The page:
If you notice that your teeth shift over time, don't panic. Shifting teeth are actually quite normal, especially if you've had braces or any major dental procedures. Shifting teeth can happen for a number of reasons, most of which are related to the normal process of the mouth's natural changes over the years.
Your teeth may shift as a result of orthodontic treatment, your jaw changing, your teeth reverting after you get your braces off, dental implants or even tooth wear and tear. If it's necessary, shifting teeth can be corrected with clear aligners and other simple solutions from your orthodontist.
The Most Common Reasons for Shifting Teeth
If your teeth are shifting, it may be for one or more of the following reasons.
You've Undergone Dental Procedures
If you've had a tooth removed or gotten a dental implant, the rest of your teeth will naturally shift to compensate for the difference in your dental structure. Sometimes, remaining teeth will naturally try to close the gap when a tooth is removed, or crowding may occur when an implant puts pressure on adjacent teeth. A little bit of shifting is fine after a dental procedure, but significant change may require correction.
Your Lower Jaw Is Changing
Your lower jaw may also be the cause of your shifting teeth. You may experience:
Lower jaw growth: Your lower jaw continues to grow forward throughout your lifetime, which can cause your lower front teeth to bump into your upper teeth. You may notice crowding in your lower teeth when this happens.
Jaw shrinkage: As we get older, our jaws start to shrink inward slightly, which can result in crowding in the lower front teeth.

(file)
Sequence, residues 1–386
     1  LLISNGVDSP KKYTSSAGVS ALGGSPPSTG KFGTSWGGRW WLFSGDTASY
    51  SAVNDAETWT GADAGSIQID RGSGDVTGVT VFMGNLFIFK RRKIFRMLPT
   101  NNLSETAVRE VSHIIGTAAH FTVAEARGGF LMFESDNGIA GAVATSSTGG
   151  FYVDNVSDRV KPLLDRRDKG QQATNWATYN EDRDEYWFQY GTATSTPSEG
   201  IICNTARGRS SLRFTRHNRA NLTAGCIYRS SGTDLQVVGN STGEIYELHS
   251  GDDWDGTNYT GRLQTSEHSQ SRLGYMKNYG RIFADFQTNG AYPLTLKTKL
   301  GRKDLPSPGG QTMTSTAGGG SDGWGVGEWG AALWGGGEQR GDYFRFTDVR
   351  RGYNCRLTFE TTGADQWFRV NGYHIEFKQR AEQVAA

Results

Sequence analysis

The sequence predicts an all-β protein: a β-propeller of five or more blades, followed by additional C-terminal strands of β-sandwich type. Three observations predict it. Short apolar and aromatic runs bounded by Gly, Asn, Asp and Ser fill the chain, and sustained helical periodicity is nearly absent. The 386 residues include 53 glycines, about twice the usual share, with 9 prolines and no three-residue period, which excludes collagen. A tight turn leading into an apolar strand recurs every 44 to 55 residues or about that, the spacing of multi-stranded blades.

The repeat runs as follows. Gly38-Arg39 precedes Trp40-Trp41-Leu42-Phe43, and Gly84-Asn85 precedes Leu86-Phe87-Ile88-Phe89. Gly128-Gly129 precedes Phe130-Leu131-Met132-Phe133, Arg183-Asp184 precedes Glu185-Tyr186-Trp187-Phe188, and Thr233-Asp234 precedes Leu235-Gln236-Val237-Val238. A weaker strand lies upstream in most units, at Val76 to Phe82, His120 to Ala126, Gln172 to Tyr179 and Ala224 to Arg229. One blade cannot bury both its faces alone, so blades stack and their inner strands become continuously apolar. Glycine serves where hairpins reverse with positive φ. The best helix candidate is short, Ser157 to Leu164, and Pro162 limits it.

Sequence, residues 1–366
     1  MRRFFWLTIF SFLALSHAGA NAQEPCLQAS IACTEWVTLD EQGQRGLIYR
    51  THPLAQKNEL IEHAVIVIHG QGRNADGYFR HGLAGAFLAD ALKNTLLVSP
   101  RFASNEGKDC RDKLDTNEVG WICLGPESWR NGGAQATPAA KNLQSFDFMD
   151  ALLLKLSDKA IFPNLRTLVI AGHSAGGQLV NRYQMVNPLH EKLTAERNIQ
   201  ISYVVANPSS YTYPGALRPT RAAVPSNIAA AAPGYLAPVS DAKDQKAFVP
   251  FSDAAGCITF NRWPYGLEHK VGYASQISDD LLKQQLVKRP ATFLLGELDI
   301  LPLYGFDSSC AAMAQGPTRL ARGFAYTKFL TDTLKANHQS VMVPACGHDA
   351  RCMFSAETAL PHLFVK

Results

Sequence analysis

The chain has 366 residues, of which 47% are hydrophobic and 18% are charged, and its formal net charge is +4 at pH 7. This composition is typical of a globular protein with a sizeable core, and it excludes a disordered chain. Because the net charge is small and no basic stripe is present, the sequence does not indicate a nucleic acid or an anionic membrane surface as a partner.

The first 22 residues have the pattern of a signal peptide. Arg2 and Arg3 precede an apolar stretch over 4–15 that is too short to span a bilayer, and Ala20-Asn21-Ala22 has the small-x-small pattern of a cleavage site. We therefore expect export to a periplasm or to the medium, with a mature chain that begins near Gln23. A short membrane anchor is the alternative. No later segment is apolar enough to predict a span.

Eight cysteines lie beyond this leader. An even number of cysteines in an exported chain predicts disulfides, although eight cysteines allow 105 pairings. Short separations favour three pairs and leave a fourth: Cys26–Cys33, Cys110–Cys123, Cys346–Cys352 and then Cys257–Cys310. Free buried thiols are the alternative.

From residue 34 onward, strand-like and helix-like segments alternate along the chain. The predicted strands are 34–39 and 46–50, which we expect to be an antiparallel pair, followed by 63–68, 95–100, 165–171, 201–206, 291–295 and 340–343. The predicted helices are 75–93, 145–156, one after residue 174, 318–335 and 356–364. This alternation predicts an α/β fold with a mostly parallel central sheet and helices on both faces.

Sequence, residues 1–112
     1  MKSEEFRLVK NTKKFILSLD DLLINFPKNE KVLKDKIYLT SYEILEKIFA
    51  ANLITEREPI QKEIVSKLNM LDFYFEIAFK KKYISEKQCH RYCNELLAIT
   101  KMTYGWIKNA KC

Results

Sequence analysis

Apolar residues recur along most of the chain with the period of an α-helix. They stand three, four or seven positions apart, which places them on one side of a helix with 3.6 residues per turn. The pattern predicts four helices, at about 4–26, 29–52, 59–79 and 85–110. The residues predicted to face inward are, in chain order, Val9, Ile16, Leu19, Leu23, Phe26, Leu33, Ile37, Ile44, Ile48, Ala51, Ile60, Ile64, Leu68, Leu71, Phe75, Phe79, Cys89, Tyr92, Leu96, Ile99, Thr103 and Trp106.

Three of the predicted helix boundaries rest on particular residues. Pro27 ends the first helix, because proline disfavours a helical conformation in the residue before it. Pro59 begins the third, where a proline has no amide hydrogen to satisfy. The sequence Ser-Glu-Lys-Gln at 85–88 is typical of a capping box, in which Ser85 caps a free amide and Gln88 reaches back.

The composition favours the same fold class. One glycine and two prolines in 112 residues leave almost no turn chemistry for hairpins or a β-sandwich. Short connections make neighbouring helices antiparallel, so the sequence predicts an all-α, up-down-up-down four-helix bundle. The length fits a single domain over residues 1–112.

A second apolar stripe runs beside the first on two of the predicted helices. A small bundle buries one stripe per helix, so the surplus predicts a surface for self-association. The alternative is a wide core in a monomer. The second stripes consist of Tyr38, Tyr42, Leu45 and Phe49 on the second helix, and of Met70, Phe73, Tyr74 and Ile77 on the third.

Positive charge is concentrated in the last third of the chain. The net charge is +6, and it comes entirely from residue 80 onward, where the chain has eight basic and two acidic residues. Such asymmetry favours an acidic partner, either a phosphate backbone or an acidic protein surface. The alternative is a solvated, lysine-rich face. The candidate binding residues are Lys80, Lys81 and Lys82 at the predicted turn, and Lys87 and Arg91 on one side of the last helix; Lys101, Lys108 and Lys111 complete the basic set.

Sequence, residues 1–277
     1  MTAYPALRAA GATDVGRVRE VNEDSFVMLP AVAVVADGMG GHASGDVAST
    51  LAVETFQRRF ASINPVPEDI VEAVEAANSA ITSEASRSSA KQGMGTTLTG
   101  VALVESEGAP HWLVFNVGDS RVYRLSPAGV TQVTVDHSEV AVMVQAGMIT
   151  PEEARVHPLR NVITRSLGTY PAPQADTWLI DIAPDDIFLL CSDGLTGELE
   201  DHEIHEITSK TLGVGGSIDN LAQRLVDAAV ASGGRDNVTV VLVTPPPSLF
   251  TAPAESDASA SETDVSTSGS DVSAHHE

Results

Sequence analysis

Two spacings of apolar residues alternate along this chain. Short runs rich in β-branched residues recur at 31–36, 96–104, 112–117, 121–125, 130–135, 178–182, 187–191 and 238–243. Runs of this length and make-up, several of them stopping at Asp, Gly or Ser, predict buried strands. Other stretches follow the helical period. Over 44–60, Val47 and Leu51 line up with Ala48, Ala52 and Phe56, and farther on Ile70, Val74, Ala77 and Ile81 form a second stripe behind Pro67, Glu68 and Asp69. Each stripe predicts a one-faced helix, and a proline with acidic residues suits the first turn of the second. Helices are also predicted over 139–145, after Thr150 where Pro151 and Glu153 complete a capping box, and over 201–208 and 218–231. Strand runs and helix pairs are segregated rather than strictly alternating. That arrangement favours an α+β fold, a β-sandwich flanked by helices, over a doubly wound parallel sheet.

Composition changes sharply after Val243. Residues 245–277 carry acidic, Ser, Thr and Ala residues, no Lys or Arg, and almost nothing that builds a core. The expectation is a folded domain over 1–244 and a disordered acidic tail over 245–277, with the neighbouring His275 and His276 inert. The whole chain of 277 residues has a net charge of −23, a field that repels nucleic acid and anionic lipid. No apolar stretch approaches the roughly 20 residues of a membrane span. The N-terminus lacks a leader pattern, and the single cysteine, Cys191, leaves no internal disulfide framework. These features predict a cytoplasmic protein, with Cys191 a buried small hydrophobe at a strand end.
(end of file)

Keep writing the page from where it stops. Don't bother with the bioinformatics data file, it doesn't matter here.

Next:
While many of these changes are natural, you may need retainers to keep your teeth from overcrowding.
You've Had Orthodontic Treatment
If you've had braces or similar orthodontic treatments, it's normal for your teeth to want to revert to their original or "natural" state. To prevent excessive shifting, you'll need to wear retainers for as long as your orthodontist requires. You may need clear aligners or similar products to correct teeth that have shifted significantly after orthodontic procedures.
You Have Periodontal Disease
Periodontal disease refers to the inflammation of the soft tissue surrounding teeth, which can eventually lead to bone loss. If you have periodontal disease, you'll likely experience tooth shifting due to weakening teeth and/or bone loss.
You Grind Your Teeth
Many people grind their teeth in their sleep, which results in weakened enamel, bone loss and the shortening of teeth, causing potentially serious dental issues down the road. If this is happening to you, you'll likely require a nighttime bite guard to correct it.
Fix Shifting Teeth With Clear Aligners
If your teeth have shifted out of place since your orthodontic treatment or other procedures, we recommend that you try out clear aligners. These innovative treatment options are effective and easy to clean with our WhiteFoam aligner cleaner, an essential component of keeping your aligners — and your teeth and gums — germ-free. Contact us today if you have questions about our products!